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What’s In Your Toolkit? 30+ Expert-Approved Content Marketing Tools

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What's In Your Toolkit? 30+ Expert-Approved Content Marketing Tools


The content marketing landscape continues to evolve, with an ever-increasing focus on understanding consumer intent and delivering quality, relevant, and trustworthy content.

And in order to meet these needs and demands of your target audience, you need the right tools to properly plan, write, optimize, and promote your best work.

So what do writers, editors, SEO pros, content marketing managers, and others keep in their content toolkits now?

We asked our network of content experts which tools they use to improve their content research, creation, optimization and more.

Check out the 30+ content tools they recommend, how they use them, and why each one has a place in their toolkit.

Content Research & Strategy Tools

There are three categories of tools for content strategy that Alexis Sanders, SEO Director of Merkle Digital, finds really useful:

Each of the tools offers its own unique features and reports. Some of her favorite features include:

  • The Keyword Magic Tool in Semrush for content ideation.
  • Advanced Web Ranking for its ability to integrate seamlessly into GDS for keyword-level reporting.
  • OnCrawl’s duplicate content reporting and interpretation of canonical vs. non-canonical clusters.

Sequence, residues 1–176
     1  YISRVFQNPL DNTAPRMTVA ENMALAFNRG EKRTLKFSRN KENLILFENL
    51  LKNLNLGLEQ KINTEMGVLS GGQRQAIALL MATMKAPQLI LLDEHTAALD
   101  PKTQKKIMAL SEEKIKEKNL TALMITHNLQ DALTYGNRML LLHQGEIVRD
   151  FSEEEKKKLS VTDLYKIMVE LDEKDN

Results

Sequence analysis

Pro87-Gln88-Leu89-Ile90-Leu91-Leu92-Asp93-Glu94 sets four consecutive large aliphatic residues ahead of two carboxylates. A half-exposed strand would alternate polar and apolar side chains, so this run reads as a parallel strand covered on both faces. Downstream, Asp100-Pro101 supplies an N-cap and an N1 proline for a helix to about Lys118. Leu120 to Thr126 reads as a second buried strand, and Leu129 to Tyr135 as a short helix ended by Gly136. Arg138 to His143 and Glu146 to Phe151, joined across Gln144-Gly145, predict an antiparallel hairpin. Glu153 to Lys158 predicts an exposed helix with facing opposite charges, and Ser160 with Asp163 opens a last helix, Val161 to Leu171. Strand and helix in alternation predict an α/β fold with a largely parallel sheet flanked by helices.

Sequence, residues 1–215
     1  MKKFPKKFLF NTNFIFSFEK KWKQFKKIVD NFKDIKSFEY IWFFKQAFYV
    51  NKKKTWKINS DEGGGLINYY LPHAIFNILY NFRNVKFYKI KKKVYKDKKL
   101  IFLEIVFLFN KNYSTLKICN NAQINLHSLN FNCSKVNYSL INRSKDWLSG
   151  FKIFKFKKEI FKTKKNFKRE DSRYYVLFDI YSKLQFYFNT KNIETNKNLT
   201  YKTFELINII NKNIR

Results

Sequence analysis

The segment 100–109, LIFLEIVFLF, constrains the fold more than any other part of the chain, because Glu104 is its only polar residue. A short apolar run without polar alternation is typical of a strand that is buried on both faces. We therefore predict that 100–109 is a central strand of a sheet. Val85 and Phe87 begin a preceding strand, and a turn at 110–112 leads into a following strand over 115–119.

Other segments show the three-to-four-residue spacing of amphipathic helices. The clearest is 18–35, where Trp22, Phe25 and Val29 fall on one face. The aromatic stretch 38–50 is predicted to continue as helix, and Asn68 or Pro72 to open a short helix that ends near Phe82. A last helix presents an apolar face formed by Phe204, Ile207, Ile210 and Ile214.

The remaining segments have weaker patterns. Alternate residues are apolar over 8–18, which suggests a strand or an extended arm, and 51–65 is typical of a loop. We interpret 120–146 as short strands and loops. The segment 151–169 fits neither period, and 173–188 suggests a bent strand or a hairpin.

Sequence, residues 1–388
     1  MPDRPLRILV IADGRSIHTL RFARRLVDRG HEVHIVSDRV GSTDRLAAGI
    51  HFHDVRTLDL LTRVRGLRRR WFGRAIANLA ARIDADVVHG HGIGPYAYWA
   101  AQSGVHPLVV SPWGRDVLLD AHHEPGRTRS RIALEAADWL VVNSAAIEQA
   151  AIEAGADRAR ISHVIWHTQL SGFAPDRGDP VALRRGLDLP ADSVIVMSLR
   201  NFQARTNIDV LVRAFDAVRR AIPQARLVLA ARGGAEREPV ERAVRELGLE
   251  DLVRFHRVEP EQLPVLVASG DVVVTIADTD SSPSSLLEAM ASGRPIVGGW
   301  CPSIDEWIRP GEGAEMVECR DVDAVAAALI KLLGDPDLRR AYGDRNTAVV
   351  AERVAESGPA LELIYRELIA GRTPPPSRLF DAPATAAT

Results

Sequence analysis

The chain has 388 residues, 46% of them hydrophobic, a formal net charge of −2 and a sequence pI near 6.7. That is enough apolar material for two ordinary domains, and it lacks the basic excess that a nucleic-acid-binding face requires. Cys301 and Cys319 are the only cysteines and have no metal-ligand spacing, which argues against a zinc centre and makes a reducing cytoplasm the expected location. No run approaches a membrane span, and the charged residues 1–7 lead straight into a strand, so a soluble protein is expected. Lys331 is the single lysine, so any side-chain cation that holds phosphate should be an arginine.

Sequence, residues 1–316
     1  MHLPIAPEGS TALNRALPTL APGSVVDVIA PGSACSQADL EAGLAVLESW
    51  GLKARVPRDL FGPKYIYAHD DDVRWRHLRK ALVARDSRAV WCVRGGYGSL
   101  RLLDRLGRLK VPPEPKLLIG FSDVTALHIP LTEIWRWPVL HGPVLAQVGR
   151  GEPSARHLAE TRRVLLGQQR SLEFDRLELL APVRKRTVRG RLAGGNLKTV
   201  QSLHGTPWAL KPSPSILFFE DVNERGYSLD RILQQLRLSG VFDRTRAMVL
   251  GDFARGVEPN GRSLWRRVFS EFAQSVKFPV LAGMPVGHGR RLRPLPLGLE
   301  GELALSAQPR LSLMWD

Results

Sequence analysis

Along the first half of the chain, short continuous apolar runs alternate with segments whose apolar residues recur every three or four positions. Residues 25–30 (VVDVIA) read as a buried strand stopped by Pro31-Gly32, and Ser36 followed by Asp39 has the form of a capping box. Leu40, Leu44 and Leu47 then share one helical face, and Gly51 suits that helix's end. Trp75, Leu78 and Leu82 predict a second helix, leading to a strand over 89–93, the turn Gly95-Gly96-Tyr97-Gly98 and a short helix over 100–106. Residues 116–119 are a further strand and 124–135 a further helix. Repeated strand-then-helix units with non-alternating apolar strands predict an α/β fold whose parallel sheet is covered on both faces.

• Ad hoc extraction and custom search options within Screaming Frog.

Kayle Larkin, SEO Strategist and owner of Larkin SEO, shared her favorite tools:

Miranda Miller, Managing Editor here at Search Engine Journal, uses BuzzSumo to see what content on any given topic is already getting traction.

“The very first thing I want to know when considering writing about any given topic is what’s already out there. Who else is talking about this? Which takes are most popular?” she said.

Miller noted that she also uses AnswerThePublic.

Content Writing & Optimization Tools

Daniel Smullen, Head of SEO at Mediahuis Ireland, shared the following list of tools that content marketers should use when researching, writing, and managing content projects.

  • Google Docs for writing with the Grammarly extension for editing.
  • A project management software system such as Notion for content planning.
  • A keyword research tool such as Ahrefs for keyword insights.
  • An all-in-one SEO writing assistant such as Neural Text for topic research, identifying similar entities used in top 10 ranking URLs,  and topic-based question research.

For text content, Laura Herman, CEO of Mint Marketing Inc, recommends Surfer SEO, which is helpful when figuring out what content is needed or what you might be overusing.